Millions of iPhones are vulnerable to iMessage attack facilitated by black box-like iOS

Kaspersky: Ongoing invisible iMessage attack shatters illusion that iOS is safer than Android
Kaspersky has discovered new spyware that attackers can install stealthily on iPhones not running the latest version of iOS.

The malware was discovered when the company suspected that something was off about the activity originating from several iPhones owned by its employees. The iPhone cannot be inspected from the inside, so Kaspersky created offline backups of devices they thought were infected and found pieces of evidence of compromise.

This seems to be a targeted campaign against iPhone owners. The cybersecurity firm is calling it "Operation Triangulation."

How does it work?

Cybercriminals send an invisible iMessage to iPhone users with a malicious attachment. It doesn't need the iPhone user to do anything and is enough on its own to take advantage of vulnerabilities in iOS to execute a code and install spyware. The phone then receives more instructions from the command and control center, including those that give the malware more privileges, enabling it to wreak more havoc.

The code has unrestricted access to the iPhone and runs a series of commands to collect private user information such as microphone recordings, pictures from instant messengers, and geolocation.

The original message is deleted and so is the exploit in the attachment, so most victims will likely never know that their phone was infected.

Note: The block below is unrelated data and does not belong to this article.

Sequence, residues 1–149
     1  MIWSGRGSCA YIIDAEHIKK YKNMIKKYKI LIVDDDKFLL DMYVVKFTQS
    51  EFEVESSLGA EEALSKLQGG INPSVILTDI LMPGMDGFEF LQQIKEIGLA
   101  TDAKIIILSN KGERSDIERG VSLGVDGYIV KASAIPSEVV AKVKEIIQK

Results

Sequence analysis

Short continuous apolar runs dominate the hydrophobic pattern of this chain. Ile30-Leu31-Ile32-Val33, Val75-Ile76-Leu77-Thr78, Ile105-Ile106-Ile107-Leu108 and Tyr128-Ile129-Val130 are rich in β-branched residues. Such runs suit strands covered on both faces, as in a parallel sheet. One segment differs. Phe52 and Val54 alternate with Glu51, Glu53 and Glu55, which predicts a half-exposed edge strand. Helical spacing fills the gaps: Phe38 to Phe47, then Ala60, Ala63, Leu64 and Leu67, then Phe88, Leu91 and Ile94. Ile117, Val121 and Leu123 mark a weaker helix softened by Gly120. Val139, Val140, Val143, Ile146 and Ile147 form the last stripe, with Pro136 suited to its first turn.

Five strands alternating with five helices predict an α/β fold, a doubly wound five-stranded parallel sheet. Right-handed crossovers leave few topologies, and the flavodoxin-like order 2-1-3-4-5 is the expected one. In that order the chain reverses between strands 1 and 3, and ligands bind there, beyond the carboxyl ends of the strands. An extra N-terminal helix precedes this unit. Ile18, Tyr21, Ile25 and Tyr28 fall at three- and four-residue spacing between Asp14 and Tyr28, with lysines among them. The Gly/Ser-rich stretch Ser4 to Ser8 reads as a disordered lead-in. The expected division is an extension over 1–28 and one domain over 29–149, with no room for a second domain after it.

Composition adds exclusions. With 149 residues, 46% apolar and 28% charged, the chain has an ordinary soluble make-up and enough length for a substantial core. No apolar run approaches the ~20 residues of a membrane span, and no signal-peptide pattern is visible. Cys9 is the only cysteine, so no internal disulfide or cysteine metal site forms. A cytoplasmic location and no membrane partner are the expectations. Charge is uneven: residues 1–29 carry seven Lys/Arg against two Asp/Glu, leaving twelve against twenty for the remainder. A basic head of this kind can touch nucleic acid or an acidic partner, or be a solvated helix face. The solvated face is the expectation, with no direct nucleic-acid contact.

No easy way to remove spyware 

One thing that can point to the presence of the spyware is inability to update iOS. Since iOS updates are blocked, it's impossible at the moment to remove the spyware without losing user data. The only way to get rid of it is by resetting the affected iPhone to the factory settings and downloading the latest version of iOS, which might not be possible as some older iPhones have been cut off from OS updates. If only the spyware is deleted, the devices will be re-infected.

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The campaign has been active since 2019 and is still ongoing. It seems that only the iPhones running iOS 15.7 or older versions of iOS are vulnerable. 

According to Apple, 80.1 percent of iPhone users are already on iOS 16, so most iPhone owners have nothing to worry about. But given that there are an estimated 1.36 billion active iPhones in the world, 258 million iPhone users can still be targeted.

Kaspersky believes that iPhones are an easy target for attacks like this one because iOS is like a black box where spyware can easily hide for years. Apple has a monopoly on research tools, so detecting these threats is not easy. 

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